For centuries the central symbol of Christianity has been the cross which clearly represents the crucifixion of Jesus. However, this was not the symbol that the first Christians used to define Jesus or themselves.
The first Christians were often persecuted, and some were martyred. Because of this reality, they often had to hide and meet in secret. Since they were targets, they had to come up with a symbol to identify themselves to other believers without fear of persecution. It is believed that this is how the ICHTHUS (fish) symbol was born. It is also believed to have first appeared in the 2nd century and spread rapidly in popularity.
ICHTHUS is the Greek word for ‘fish’ and was used as an acronym for: Jesus Christ, God’s Son, Savior (See image above).
Whenever a believer wanted to identify themselves to another believer, he or she would draw the upper half of the fish symbol. If the other person was a believer, the ‘secret code’ was that they would draw the bottom half. This is how genuine believers would distinguish one another.
According to history, the cross did not begin to be used as a symbol of Christianity until the 4th century. Knowing this little bit of history helps us as modern believers align our priorities when it comes to symbolism.
Symbol of Death or Life?
With this blog, I would like to suggest that the central symbol of Christianity should not be the instrument of Jesus' death, but rather a symbol of life. Why is that? The cross is a crucial instrument and symbol in Christianity, but the cross doesn’t have the final word. The cross is a "means to an end" but not the end in itself.
I'm certainly not against the cross. The cross is a crucial aspect of the Christian faith and the story of Christianity, but the cross was not the end of Jesus’ story. In fact, as important as the cross is to salvation, the cross is not the most important part of the story.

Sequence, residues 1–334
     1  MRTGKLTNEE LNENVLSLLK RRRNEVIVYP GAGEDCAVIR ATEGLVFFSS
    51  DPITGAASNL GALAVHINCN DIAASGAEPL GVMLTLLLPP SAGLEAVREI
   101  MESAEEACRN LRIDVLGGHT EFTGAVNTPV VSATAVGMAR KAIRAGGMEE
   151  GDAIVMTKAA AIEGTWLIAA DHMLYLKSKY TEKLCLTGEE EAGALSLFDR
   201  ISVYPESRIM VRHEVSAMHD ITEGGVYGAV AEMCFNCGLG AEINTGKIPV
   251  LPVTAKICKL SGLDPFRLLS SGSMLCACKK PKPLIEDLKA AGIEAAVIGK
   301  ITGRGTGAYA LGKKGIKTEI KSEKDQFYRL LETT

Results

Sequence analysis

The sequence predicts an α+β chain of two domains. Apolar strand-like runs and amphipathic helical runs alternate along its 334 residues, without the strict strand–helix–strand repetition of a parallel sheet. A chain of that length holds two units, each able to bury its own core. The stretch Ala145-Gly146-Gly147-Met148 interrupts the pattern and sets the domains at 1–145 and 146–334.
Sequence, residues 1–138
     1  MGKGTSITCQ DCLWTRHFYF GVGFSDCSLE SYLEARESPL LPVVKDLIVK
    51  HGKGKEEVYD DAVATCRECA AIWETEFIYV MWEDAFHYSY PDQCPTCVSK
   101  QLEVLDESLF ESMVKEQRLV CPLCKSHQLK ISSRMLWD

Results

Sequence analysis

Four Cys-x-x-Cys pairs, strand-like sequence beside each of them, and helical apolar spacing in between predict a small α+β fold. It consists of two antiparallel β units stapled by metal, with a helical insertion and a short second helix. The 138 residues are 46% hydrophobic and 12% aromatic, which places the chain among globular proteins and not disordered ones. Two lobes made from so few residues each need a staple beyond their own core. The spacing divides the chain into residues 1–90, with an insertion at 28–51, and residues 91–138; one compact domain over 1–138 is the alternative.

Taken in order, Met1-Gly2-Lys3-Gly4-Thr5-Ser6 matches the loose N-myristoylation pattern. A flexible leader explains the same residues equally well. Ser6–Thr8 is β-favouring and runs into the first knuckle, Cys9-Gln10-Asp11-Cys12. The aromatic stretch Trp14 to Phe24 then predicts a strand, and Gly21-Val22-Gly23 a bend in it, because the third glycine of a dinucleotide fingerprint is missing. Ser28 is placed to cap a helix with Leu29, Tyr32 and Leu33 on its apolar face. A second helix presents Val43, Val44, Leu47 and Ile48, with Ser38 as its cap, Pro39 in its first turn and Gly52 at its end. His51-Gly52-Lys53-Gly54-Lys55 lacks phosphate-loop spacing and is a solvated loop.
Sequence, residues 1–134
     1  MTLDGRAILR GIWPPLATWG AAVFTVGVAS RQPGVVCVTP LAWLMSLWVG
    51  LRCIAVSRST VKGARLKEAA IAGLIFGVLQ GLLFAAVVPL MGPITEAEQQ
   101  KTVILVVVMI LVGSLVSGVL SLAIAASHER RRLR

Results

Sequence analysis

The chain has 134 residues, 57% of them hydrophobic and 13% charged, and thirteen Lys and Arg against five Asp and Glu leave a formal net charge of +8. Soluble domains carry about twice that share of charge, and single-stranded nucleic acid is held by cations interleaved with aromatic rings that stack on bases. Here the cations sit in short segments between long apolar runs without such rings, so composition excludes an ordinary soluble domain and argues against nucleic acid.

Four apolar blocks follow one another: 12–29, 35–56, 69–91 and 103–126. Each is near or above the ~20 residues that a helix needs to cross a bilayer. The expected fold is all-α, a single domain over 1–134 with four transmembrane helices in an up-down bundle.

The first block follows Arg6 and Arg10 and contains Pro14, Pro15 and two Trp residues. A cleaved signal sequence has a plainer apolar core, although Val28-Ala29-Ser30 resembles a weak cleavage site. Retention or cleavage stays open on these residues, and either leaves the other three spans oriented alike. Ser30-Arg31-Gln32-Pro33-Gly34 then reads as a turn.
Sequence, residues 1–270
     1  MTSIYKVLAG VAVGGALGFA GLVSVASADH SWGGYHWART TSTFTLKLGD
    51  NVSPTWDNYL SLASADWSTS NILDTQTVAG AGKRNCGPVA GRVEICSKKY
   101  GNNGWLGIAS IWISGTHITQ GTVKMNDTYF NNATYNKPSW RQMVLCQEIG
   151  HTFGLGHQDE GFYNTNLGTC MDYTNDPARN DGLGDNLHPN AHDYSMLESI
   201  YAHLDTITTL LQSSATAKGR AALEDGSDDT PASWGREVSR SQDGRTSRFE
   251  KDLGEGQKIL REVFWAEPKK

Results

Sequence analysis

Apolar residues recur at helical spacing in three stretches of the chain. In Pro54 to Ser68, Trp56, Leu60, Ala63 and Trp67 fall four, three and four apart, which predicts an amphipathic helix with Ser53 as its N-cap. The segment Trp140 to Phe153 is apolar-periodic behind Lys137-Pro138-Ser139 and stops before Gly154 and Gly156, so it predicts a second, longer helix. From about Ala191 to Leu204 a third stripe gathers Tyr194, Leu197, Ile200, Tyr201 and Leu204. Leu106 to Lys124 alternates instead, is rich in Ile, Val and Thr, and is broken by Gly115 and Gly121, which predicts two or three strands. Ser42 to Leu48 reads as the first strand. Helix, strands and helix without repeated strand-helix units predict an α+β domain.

The most important aspect is the resurrection. If Jesus had been crucified and never resurrected, there would be no supernatural aspect to our faith. Jesus is the Son of God because He alone conquered death and the grave through resurrection. Resurrection is what seperates Christianity from every other religion and why Christians worship Jesus.
Ultimately, the 'end' of Jesus' story is ascension into heaven. Jesus not only rose from the grave, Jesus ascended to heaven and currently sits on the throne at the right hand of God.
Like Jesus, believers must go through the ‘cross’ to experience new birth (resurrection). Humans think that life precedes death, but according to God, death precedes life. Like Jesus, the ‘end’ of the story for every believer is also resurrection to eternal life. Ultimately, the reward that Jesus purchased for us is ascension: eternity in heaven in the presence of God.
Since these truths are scriptural fact, why do modern Christians exalt the symbol of Jesus' death and not a symbol of life? Even during baptism preachers often say, "Buried with Jesus in death, and raised with Him in newness of life."
Fishers of Men
When Jesus called His first disciples, two of them were Peter and Andrew: fishermen. Remember what Jesus said to them? "Follow me and I will make you 'fishers' of men" (Matthew 4:19).
Jesus spent a lot of time on the water in boats and even performed a miracle with His disciples regarding catching fish. He also often taught from a boat while the people would crowd the shore (probably due to acoustics and how sound travels across water). Fish, boats, and the sea played an instrumental role in Jesus' life and the lives of His disciples.
The 'Fish' Symbol
The first Christians' primary symbol was not the cross but the fish. If you recall the story, Jesus also multiplied the fish and bread to sustain the lives of the multitudes. To the first believers, the ICHTHUS symbol literally stood for ‘life.’
Understanding these key truths, maybe we should return to our Christian heritage and follow their example. Maybe we should take down the crosses on the church steeples and install ‘fish.’ Maybe we should also take down the crosses behind the pulpits? We don't worship a dead Savior, we worship a risen Savior. Maybe, just maybe, we should install Christian symbols of life and resurrection instead?
After all Jesus did say, "I am the way, the truth, and the life."